A superb collection of stories about the most elemental of bonds.
Fresh new writers rub elbows with past masters in this scintillating collection of verse.
Under the label “New Neo-Realist,” Lark, editor of the Review of Arts, Literature, Philosophy and the Humanities, assembles a collection of narrative poems that usually feature frank engagement with ordinary life; a modern, colloquial idiom; and emotion leavened by irony, astringency, and flashes of humor. That leaves room for a huge range of subjects, styles, and moods. Erika Meitner’s “Wal-Mart Supercenter” contrasts the stores’ sublime friendliness with the police-blotter hell surrounding them (“A couple tried to sell their six-month-old for twenty-five bucks / to buy meth in the Salinas Walmart parking lot”), and L.W. Milam’s surreal “Tootie Fruit ME and Ass-Grasp LA” invokes “crowds of crying turtles, & / Peasant armies of hymn-singing, drug-ridden geckos.” Christopher Kennedy’s mordantly funny “Riddle of Self-Worth” laments that “My pet vulture has the disconcerting habit of staring / at the clock and then at me”; Howard Nemerov’s lyrical “Goldfish” spotlights the creatures’ “Waving disheveled rags of elegant fin / Languidly in the light”; and Tom Crawford’s “Companion to a Loon” levels a matter-of-fact elegy: “Listen bird, I’m past making death sad. / The tide has no time for wakes / or tragedies. We’re either coming in / or going out.” The volume contains an especially strong set of poems by women, including Kate Gale’s agonized “What I Did Not Tell Anyone,” in which a new mother confides “That I felt my whole family / greedily feeding off me. / That my body felt stolen. / That I felt like Russia during all the wars / troops tramping over me on their way to Moscow,” and Christine Hamm’s bitterly whimsical “Signs You Are Ovulating”: “As you apply mascara / in the bathroom, your eyes slit, / a crow hops onto your shoulder, / and whispers, right here, now.” Lark juxtaposes works by well-known legends, such as Allen Ginsberg, Philip Larkin, e.e. Cummings, and Langston Hughes, as revealing counterpoints to the newer poems. Unlike the strings of cryptic non sequiturs in much Master of Fine Arts—bred poetry, these poems are decidedly reader-friendly without compromising their literary artistry. Along with their inventive language and dazzling metaphor, their accessibility and immediacy pack a wallop.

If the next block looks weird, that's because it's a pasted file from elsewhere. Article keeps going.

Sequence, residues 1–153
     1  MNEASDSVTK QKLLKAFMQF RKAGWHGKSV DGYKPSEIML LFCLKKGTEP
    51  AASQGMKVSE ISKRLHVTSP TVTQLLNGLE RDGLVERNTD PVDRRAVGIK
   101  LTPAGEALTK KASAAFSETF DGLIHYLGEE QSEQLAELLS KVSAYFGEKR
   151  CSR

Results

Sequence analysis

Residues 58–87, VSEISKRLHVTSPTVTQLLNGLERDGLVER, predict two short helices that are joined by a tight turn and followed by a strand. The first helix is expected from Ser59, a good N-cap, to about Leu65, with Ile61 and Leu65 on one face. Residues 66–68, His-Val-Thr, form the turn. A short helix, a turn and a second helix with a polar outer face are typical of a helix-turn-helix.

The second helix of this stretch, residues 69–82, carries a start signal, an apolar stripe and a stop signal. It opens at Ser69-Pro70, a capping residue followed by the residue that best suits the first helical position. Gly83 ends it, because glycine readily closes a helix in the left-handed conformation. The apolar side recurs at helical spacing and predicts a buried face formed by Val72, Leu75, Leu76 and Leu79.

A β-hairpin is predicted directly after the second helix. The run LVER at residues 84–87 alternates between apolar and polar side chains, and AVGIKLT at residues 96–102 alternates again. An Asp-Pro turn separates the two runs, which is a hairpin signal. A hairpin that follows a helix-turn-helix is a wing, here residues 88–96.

A fine anthology of some of the best contemporary poetry around.
In a second Amish-themed novel, Moore (An Unseemly Wife, 2014) spins her grandfather’s journey West into the rich tale of a prodigal son.
In 1882, 21-year-old Joshua revisits his Amish homeland for the first time in 10 years. The sight of the inscription on his gravestone—“Beloved Boy, 1872”—plunges him back into memories of the horrific day when he was 11 and fought with his alcoholic father, Abraham, causing a candle to fall over and the barn to catch fire. Joshua went on the run, leaving his mother, Miriam, and four sisters to presume him dead. Joshua’s decadelong search for home and identity, which eventually leads him back to New Eden, Pennsylvania, takes him to unexpected places, like a saloon and a prospectors’ camp, where his companions include a bar wench and a circus bear. Along the way, he avoids a number of unsuitable romantic dalliances and finds a few surrogate mother figures. Consistent allusions to the Bible and other classical texts lend literary weight to Joshua’s journey. For instance, one of his longer stays is at the Baylors’ pig farm, reminiscent of the swine in Homer’s Odyssey; Joshua also likens urban Pittsburgh to both Gomorrah and an “inferno, Dante’s hell made flesh.” Scriptural and folksy vocabulary mix in interesting ways: “He felt the beam in his own eye as he cast about for the codger’s mote” and “How low the English had brought him, a fisher of garbage.” The novel carefully balances its storylines, with various chapters recording Miriam’s daily life as she tends Abraham’s severe burns, while descriptions of hearty meals, lambing, and milking chores add authentic period detail. It can be difficult to believe that entire years are passing, a fact Moore has to emphasize by frequently inserting the children’s ages. Still, the novel eschews moralizing clichés to tell a powerful story of exile and reintegration. Joshua—“part Lazarus, part prodigal”—proves to be a memorable, multifaceted protagonist.
Following three generations of women, Polli’s debut traces an intricate web of family secrets as they are created, buried, and discovered.